Investing in a pal's business doesn't have to compromise your friendship--or your bank account.
Even the pros get burned mixing money with friendship. The head of a San Jose, California, venture capital firm says he lost $25,000, not to mention a 10-year friendship, after taking a stake in his friend's startup jewelry store three years ago. The problem, he says, was that nothing was in writing. "Because he was my friend, I didn't feel comfortable going through all the paperwork," says Scott Axelrod, 42 (whose name has been changed here to protect his privacy). "I didn't want to push it."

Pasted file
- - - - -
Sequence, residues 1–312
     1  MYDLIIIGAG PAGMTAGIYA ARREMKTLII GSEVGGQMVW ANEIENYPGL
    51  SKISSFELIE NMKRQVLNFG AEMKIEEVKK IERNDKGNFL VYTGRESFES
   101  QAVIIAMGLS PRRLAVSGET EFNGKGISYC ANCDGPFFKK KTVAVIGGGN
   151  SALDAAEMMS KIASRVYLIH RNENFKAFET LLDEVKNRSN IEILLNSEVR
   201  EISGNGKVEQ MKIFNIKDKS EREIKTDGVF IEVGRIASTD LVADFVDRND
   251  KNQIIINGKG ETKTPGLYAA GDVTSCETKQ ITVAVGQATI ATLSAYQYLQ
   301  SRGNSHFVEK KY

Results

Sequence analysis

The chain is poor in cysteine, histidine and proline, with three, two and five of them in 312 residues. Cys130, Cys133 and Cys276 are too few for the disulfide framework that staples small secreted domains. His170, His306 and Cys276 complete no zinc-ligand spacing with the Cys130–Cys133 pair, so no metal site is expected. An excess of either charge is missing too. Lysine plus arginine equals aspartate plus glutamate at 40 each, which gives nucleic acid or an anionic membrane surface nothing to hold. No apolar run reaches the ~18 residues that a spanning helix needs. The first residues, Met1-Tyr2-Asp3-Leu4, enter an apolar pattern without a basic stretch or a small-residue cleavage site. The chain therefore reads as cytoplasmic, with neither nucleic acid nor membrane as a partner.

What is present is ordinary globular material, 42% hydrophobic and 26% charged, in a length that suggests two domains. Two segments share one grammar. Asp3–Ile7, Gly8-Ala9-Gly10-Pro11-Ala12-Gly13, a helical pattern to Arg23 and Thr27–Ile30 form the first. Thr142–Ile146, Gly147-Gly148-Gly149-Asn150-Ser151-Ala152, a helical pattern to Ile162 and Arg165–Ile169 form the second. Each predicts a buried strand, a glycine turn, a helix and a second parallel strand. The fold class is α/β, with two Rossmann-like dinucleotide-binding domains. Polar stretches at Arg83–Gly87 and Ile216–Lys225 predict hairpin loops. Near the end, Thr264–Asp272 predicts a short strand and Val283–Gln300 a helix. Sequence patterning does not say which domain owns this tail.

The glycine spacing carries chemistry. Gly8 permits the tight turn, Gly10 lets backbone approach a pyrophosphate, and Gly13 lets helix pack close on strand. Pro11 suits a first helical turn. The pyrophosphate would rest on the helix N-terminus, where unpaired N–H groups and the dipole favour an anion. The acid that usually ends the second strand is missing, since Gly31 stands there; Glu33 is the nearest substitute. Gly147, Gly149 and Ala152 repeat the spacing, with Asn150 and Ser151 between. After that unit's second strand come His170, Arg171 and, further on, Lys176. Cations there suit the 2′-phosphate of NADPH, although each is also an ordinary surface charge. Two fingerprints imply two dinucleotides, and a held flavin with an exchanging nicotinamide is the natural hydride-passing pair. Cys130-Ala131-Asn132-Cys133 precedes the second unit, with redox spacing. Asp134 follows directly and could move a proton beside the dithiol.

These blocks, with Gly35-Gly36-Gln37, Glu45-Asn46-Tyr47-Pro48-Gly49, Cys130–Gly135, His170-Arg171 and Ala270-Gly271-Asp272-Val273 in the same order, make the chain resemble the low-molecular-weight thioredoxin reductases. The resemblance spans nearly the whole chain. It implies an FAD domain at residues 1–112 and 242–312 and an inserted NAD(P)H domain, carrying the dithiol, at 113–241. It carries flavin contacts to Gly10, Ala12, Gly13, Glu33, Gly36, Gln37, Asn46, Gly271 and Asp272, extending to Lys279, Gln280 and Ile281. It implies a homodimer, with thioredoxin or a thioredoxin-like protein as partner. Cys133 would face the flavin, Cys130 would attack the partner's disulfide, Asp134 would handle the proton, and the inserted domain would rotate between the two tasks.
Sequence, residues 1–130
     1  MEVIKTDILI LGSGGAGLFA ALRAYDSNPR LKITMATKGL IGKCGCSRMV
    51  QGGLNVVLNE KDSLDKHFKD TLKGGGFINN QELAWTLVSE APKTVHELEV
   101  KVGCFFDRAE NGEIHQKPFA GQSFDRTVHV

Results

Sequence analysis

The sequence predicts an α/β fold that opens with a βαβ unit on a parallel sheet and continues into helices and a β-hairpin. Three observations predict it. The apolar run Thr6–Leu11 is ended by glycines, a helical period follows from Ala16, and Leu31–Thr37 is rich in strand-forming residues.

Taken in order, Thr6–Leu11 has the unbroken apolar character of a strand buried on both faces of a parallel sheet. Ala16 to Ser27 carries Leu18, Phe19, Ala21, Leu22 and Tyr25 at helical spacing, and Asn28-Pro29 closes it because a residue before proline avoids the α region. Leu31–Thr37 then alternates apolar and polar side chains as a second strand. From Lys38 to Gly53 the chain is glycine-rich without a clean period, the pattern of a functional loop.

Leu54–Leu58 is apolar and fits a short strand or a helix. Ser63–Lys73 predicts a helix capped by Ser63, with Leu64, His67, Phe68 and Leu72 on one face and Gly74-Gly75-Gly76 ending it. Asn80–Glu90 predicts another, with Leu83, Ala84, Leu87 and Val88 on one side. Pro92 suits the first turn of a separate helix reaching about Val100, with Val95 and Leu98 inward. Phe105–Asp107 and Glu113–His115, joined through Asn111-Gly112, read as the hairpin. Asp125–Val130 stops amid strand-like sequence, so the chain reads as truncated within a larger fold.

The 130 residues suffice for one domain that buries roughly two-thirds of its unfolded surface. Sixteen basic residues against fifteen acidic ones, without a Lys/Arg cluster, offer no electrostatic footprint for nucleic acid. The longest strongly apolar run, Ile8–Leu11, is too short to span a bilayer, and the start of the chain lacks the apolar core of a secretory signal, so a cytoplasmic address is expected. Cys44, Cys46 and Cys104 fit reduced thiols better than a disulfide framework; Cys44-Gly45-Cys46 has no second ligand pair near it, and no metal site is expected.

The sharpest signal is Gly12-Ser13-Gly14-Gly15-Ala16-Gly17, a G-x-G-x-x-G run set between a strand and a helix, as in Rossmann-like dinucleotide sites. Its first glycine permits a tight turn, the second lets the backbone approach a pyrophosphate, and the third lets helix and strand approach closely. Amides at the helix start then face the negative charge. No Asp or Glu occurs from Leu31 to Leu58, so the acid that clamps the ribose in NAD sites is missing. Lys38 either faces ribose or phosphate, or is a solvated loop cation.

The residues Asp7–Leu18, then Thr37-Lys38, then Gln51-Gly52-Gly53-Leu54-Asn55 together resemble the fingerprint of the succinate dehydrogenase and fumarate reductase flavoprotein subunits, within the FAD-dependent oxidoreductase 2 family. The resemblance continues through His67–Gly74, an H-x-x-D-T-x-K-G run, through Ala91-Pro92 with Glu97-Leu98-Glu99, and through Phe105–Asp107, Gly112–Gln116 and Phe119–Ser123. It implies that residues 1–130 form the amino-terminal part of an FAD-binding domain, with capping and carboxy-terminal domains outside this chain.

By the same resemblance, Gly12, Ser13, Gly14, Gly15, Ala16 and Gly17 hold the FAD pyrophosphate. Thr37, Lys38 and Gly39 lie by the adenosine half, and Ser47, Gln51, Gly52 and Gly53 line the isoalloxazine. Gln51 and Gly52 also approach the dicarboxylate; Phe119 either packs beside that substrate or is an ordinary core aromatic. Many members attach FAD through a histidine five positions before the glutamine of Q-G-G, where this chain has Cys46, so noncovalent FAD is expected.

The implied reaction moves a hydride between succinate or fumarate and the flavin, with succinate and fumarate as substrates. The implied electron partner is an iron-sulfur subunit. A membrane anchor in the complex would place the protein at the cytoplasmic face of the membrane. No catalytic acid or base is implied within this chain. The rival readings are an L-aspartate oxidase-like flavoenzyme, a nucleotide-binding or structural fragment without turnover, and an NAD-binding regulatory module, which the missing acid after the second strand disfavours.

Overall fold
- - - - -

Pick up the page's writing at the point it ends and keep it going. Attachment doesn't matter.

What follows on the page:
According to experts, investing in a friend or relative's business is one of the riskiest investment moves. "It's hard to take the emotion out of it," says Sam Sezak, senior associate at New Vantage Group, a venture fund management firm. But with proper planning and the right execution, it's possible to ease risks, make a healthy profit and keep your friendship intact. The key is to approach the investment as purely business.
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